beginner's mind, it sounds like "panassa" could be parsed as "pana" plus
                            "assa," where "assa" could be translated as "for him." Is this
                            correct? (If not, I apologize for my extended display of ignorance.)

                            Thank you so much!
                            Larry

                            On 1/24/2011 9:03 AM, Nina van Gorkom wrote:
                            >
                            > Dear Larry,
                            > Op 24-jan-2011, om 2:50 heeft Larry Rosenfeld het volgende geschreven:
                            >
                            > > Atthi kāyoti [/or /vedanāti /or /cittanti /or /dhammāti] vā
                            > > panassa sati paccupaṭṭhitā hoti ....
                            > >
                            > > What is the best way to translate "panassa"? For instant, is it a
                            > > dative or genitive form of (what I thought was the indeclinable)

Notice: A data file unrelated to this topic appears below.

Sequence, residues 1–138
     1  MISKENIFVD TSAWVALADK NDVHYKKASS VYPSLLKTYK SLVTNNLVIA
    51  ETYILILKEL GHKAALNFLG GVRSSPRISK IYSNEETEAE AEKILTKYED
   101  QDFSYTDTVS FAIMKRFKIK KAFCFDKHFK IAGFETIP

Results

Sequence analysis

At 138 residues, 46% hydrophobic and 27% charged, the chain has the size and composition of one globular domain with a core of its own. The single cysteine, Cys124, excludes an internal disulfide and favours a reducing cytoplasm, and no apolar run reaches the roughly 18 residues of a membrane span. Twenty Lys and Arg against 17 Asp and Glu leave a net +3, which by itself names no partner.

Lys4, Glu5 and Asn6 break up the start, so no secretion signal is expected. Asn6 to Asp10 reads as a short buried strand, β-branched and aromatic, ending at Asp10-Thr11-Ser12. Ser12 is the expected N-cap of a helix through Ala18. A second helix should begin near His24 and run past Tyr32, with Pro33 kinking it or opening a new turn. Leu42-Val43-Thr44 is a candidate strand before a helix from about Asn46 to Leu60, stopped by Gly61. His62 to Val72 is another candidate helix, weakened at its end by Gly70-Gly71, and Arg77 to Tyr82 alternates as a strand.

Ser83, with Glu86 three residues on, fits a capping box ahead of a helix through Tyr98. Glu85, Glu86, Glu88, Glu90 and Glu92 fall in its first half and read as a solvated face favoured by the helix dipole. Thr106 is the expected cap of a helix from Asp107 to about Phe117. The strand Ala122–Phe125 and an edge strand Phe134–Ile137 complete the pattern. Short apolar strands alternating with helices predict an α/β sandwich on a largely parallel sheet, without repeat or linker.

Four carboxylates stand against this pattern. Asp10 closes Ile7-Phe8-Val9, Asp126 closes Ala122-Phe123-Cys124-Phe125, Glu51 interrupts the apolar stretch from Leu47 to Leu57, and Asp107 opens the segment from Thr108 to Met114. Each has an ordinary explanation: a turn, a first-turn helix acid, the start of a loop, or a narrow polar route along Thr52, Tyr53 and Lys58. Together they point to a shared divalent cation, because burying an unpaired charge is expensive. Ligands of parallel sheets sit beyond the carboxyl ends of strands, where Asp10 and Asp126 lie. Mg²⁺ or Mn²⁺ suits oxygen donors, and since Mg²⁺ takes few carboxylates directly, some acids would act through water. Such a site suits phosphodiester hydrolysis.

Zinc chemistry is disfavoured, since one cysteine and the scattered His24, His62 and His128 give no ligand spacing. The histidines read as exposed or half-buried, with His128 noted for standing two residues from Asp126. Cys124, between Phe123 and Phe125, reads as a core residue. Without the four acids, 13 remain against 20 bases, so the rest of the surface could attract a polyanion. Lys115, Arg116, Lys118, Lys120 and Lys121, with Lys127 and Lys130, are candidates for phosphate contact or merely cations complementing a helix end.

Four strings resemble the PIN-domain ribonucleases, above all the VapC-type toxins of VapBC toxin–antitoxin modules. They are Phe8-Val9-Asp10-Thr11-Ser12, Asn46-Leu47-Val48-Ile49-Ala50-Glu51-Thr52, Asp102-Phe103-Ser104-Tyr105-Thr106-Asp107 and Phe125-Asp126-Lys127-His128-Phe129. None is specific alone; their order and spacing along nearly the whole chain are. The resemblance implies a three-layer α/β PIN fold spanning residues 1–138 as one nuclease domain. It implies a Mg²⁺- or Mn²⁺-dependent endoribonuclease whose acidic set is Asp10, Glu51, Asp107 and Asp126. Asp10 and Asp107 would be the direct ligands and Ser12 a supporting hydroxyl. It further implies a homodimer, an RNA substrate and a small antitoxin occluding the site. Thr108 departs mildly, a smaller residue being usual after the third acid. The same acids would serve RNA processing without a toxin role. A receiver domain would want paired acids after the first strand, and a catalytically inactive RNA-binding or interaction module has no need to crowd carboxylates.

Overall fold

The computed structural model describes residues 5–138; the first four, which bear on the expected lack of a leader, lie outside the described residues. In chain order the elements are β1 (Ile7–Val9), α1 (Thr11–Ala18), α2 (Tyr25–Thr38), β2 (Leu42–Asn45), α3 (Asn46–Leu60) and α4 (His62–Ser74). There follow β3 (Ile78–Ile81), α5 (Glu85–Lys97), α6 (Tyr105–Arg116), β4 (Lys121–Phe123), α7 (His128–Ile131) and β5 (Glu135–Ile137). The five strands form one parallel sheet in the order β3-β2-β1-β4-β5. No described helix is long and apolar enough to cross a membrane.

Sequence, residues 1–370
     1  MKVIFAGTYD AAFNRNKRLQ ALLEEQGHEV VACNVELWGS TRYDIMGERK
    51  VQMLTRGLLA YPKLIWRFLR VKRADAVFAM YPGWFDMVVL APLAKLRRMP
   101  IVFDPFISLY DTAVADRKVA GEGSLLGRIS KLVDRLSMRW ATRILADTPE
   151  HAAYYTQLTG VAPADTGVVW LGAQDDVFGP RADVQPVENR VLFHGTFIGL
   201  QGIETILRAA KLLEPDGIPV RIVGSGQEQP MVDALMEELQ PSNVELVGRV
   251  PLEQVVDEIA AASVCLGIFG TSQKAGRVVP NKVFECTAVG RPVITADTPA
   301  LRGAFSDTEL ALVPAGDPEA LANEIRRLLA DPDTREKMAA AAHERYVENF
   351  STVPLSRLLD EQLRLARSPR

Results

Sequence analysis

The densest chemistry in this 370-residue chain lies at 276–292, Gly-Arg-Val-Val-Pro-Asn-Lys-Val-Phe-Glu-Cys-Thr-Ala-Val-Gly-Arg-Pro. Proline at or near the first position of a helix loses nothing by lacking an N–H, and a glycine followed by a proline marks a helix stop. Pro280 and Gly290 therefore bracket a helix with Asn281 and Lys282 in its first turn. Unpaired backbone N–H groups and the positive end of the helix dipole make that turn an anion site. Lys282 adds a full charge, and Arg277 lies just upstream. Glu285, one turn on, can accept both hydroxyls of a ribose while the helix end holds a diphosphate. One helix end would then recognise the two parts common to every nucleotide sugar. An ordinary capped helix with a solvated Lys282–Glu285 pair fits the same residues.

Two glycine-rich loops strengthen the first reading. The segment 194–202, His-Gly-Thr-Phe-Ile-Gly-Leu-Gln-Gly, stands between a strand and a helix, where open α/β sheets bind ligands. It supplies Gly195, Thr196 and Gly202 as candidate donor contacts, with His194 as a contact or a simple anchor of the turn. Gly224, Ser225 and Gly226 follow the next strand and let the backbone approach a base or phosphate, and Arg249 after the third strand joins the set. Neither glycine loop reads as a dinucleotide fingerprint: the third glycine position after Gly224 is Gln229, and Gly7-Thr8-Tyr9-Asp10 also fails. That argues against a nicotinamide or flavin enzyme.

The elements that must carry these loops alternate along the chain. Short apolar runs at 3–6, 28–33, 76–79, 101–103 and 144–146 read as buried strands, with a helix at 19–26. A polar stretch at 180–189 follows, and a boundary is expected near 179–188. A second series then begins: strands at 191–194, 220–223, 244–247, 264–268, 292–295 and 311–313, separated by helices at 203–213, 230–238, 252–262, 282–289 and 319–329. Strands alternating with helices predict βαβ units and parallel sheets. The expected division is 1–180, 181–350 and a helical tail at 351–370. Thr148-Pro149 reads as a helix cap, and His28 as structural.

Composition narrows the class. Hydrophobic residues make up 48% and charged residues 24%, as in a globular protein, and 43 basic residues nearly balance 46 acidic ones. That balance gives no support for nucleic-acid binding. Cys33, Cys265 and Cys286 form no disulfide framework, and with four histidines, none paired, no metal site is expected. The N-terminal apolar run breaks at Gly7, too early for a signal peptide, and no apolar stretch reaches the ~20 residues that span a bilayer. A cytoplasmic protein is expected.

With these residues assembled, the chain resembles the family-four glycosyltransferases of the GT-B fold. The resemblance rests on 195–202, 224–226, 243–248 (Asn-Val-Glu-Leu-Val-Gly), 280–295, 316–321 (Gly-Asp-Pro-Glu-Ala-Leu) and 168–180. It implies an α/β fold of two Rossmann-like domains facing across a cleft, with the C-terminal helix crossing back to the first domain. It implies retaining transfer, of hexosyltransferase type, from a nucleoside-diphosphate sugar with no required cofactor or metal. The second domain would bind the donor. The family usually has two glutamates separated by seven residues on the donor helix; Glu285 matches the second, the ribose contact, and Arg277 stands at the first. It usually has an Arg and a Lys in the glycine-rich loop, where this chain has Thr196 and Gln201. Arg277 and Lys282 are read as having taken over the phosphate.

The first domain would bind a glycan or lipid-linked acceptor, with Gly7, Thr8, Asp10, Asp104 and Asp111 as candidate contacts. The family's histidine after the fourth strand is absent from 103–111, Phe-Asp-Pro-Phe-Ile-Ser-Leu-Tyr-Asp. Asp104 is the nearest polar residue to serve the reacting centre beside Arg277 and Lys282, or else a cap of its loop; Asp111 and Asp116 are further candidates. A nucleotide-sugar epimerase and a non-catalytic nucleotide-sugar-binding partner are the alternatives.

> > "pana,"
                            > > or a compound of "pana" and "assa," or something else?
                            > --------
                            > N: Panassa: for him mindfulness is established, or: his mindfulness
                            > is established.
                            > Soma Thera (the Way of MIndfulness) renders the commentary (at end of
                            > mindfulness of breathing):
                            > <Atthi kayoti va panassa sati paccupatthita hoti = "Or, indeed, his
                            > mindfulness is established, with the thought: 'The body exists.'"
                            > Mindfulness is established for the yogi through careful scrutiny. He
                            > thinks: There is the body, but there is no being, no person, no
                            > woman, no man, no soul, nothing pertaining to a soul, no "I," nothing
                            > that is mine, no one, and nothing belonging to anyone [kayoti ca
                            > attli, na satto, na puggalo, na itthi, na puriso, na atta, na
                            > attaniyam naham, na mama, na koci, na kassaciti evam assa sati
                            > paccupatthita hoti].
                            >
                            > Yavadeva = "To the extent necessary." It denotes purpose.
                            >
                            > This is said: The mindfulness established is not for another purpose.